Ensemble Learning

This article is a summary of the StatQuest video made by Josh Starmer.
Click here to see the video explained by Josh Starmer.

The Boosting and Ensemble Learning concepts can be applied to many Machine Learning models: it is a Meta Algorithm used to convert many weak learners into a strong learner in order to achieve good performance in supervised problems.

Why Ensemble
First of all, ensemble often have lower error than any individual method by themselves.
It has also less overfitting leading us to a better performance in the test set.
Each kind of learners that we might use has a sort of bias. Combining all of them, can reduce this bias.

Boosting trains the models by sequentially training a new simple model based on the error of the previous one. This procedure tends to discover the data points that are hard to predict. In the end, it sums all the models in a weighted combination, and this procedure is known as Scaling Up Complexity. Combining weak learner models that are not able to learn complex function, we can convert them in an overall much more complex classifier. So, the combination of several simple models produces an overall decision that is more complex. This process correspond to minimize the Loss Function (Cost Function). A classic example for boosting classification is the ADA Boost: Adaptive Boosting Algorithm.

Adaptive Boosting in Random Forest In a Forest of Trees made with ADA Boost the trees are usually just One Node with Two Leaves that are called Stump, so it is a Forest of Stump. A Stump is not good to make a classification, simply because it doesn’t take advantage of all the features available, Stumps are technically Weak Learners. In contrast, in Forest of Stumps made with Ada Boost, some Stumps get more importance in the final classification than other Stumps. Crucially, each Stump comes in a precise order, so, the error of the first Stump influence the error of the second Stump and so on. In other words: ADA Boost combine weak learners to make classification that learn from the mistakes made by the previous Stump.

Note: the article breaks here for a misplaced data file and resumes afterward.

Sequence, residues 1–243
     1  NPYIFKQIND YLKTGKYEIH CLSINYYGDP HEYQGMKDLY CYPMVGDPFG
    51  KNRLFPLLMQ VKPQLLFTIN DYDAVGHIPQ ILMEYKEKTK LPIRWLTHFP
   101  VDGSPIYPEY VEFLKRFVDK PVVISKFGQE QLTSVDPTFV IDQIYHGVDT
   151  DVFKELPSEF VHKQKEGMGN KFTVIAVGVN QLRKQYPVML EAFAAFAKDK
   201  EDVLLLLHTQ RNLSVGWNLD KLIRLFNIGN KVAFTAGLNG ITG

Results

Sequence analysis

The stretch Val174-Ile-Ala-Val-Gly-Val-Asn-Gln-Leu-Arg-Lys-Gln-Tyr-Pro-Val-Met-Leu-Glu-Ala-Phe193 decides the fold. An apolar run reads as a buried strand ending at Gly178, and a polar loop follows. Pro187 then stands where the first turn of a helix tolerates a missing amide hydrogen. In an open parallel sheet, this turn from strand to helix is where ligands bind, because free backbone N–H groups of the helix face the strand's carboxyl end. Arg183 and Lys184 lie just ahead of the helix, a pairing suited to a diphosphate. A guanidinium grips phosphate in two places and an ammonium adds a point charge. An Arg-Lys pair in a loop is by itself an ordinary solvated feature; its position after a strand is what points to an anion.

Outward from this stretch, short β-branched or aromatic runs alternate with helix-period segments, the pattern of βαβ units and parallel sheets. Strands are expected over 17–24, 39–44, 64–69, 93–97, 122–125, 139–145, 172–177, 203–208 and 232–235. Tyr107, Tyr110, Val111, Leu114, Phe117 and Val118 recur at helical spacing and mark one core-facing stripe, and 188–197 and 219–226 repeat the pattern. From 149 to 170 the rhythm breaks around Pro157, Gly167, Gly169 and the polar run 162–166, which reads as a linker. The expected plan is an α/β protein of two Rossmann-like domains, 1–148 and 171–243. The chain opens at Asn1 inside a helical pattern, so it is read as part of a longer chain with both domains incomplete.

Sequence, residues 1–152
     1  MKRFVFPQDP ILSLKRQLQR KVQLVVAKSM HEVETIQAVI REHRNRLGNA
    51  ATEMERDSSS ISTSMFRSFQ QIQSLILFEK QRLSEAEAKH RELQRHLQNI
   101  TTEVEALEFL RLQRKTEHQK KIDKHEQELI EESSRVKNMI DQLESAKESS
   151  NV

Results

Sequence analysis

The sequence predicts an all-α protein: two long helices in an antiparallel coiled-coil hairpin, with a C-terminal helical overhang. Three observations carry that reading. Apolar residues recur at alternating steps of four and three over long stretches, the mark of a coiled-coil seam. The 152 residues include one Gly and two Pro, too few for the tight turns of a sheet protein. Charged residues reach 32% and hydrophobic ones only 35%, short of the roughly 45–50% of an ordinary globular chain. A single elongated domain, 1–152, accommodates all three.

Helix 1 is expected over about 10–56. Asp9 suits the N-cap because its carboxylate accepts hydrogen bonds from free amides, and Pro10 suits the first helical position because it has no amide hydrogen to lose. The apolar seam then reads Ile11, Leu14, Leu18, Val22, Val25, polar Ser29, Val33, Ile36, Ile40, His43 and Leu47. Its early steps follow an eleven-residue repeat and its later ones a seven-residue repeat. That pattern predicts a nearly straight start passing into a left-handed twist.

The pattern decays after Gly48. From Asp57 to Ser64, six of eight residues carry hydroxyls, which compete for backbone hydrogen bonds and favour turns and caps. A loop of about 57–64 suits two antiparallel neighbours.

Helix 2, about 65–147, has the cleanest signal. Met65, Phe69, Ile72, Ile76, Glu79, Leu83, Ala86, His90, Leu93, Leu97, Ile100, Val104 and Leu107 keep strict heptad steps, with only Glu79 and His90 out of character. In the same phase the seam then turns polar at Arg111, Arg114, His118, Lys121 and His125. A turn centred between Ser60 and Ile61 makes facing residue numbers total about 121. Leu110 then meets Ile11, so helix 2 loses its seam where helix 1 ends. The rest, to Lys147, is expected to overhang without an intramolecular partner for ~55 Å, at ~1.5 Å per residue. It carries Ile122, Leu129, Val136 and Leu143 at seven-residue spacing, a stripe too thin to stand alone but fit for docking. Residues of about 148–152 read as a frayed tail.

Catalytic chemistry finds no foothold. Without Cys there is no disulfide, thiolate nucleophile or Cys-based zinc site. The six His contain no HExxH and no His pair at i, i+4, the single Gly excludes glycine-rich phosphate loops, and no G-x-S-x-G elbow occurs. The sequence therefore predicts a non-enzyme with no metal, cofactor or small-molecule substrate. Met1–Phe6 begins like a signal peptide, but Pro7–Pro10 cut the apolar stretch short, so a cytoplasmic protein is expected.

The procedure starts to give a weight to each observation.

1 - At the start, all observations get the same weight which is 1/total number of samples. That make the sample equally important.
2 - We start calculating the Stump separately for each feature.

3 - The Stump with Lower Gini Index will be the First Stump in the forest.

4 - Then, we use the Total Error of the Stumps to determine the amount of importance of the Stump.
5 - The Amount of Importance, aka Amount to Say, is calculated by: ½ log (1-Total Error)/Total Error.

When a Stump is no better at classification than flipping a coin, the total error is equal to 50%.
When a Stump does a terrible job the error is close to 100%.
And, if a Stump makes a mistake, we have to emphasize the need for the Next Stump to correct this error of classification. We do that, increasing the weight of this Stump and at the same time we decrease the weight of the other stump.

The blue line of the graph below is e^amount of say. When the amount of say is large, the Stump did a good job in classifying sample.

Drawback of Ensemble
1 - Time and computation expensive.
2 - Hard to implement in real time platform.
3 - Complexity of the classification increases.

Advantages of Ensemble
If the first two Principal Components of the PCA would not create a very accurate representation of the data, in this case could be better to use an Ensamble Approach.